“In the current context of tight global financial conditions, there is no room to get it wrong. Even developed markets will be punished fairly significantly if they try to veer off course … The stakes are higher. During those years of ultra-easy, very accommodative policy at a global level, when countries could pretty much do what they wanted and some would make mistakes … they wouldn’t be punished for it. Those years have gone.”

Those who are seen not to be trying hard enough to push conservative policies and reforms will feel the wrath of financial markets.

Khan’s advice is along the lines of Reserve Bank governor Lesetja Kganyago’s message during a public lecture this week, where he expounded on the dangers of expansionary policies. 

Even though consumers can barely tolerate another blow, there is still room to hike interest rates, Kganyago suggested. Doing the opposite, he said, would have little effect on lifting growth or lowering the country’s high unemployment rate.

The high stakes that Khan alluded to come after policymakers in advanced economies, and to a lesser extent emerging market economies, were forced to do everything in their power to keep demand from stalling. These interventions came in the form of increased government spending as well as interest rate cuts.

That stimulus resulted in the far too buoyant rebound of some economies, which meant supply could not keep up with demand. Prices soared and, although the transitory camp held out for as long as they could, it eventually became clear that inflation was back with a vengeance.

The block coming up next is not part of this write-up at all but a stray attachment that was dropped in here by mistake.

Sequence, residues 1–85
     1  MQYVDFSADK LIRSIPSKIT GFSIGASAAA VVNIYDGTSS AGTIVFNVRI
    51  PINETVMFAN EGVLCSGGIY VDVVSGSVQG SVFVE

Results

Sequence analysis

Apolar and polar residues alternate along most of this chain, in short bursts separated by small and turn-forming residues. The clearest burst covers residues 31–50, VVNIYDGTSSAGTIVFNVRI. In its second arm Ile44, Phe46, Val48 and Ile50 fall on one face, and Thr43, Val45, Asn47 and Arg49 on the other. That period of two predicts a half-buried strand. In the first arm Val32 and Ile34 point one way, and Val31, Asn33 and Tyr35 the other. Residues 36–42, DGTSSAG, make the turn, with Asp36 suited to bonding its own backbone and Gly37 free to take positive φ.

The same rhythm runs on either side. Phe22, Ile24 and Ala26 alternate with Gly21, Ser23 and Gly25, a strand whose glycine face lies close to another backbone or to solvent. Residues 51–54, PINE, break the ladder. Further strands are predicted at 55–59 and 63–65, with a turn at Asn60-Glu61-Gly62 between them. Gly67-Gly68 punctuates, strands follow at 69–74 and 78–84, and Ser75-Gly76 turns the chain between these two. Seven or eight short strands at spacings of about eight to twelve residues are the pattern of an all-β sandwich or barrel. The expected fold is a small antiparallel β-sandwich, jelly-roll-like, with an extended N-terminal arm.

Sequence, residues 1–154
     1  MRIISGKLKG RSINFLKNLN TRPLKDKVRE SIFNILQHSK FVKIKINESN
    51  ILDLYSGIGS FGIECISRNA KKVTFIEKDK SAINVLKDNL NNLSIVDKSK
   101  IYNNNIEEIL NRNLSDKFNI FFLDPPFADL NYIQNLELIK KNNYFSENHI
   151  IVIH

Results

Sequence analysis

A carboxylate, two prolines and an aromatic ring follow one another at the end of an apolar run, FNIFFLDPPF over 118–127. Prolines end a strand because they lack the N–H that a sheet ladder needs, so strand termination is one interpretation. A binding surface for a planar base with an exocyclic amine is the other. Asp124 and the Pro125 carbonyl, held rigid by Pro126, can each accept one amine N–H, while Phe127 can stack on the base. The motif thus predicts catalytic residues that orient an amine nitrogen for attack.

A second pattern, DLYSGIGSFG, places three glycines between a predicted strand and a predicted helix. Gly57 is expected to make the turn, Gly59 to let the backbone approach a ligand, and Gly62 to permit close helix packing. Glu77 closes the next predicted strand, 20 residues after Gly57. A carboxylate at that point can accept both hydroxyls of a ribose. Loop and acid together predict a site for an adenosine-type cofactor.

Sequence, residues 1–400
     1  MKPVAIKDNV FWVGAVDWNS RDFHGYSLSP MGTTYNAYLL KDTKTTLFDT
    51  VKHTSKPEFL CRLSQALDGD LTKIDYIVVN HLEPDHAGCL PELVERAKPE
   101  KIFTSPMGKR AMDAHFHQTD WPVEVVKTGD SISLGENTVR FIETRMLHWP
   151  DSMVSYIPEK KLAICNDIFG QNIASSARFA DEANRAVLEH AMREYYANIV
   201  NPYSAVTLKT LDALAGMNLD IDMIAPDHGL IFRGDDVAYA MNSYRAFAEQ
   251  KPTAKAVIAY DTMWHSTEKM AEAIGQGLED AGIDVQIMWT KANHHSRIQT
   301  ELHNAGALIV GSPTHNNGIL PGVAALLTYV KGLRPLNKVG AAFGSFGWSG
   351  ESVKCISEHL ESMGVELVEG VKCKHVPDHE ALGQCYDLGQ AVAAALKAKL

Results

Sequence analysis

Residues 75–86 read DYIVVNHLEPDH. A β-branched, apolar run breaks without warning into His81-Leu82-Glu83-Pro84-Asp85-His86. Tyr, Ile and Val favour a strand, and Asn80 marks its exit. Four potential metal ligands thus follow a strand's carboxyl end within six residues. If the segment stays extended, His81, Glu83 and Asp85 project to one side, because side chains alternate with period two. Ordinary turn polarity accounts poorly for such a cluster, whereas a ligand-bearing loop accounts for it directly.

Central banks have had to act by raising interest rates, sending some economies to the brink of recession. And, as the International Monetary Fund warned last month: “The worst is yet to come.”

Today monetary policymakers are faced with the dilemma of whether to take their foot off the accelerator, or to keep hiking rates amid continued uncertainty about inflation’s trajectory. Mistakes will be costly and there will probably be pain either way.

Financial market stressors, Khan noted, are still in place and central banks cannot take for granted that currency volatility looks to be sticking around.

In South Africa, the government is faced with managing large debt redemptions, which between 2023 and 2031 will average R192.8-billion a year, compared with R43.8-billion a year between 2017 and 2022.

Higher debt redemptions increase the risk that changes in demand for government bonds, a depreciation of the rand and borrowing rates will override the benefits of positive fiscal outcomes. 

Markets will be pricing in the implications of this and, again, the government will have to reassure them that it has this task under control.

In all these discussions about discipline, the undue influence financiers have over policy is seen as a natural fact, with little air time given to how this chokehold could be broken. 

But it is important, perhaps now more than ever, to question these conditions, especially given how much financial markets are interfering in governments’ ability to solve some of their most pressing problems.

In South Africa, the sacrifices that are made at the altar of financial markets have left many worse off than ever. The government ought to heed other warnings, because the people’s punishment can be just as swift. 

Sarah Smit is a Mail & Guardian business reporter.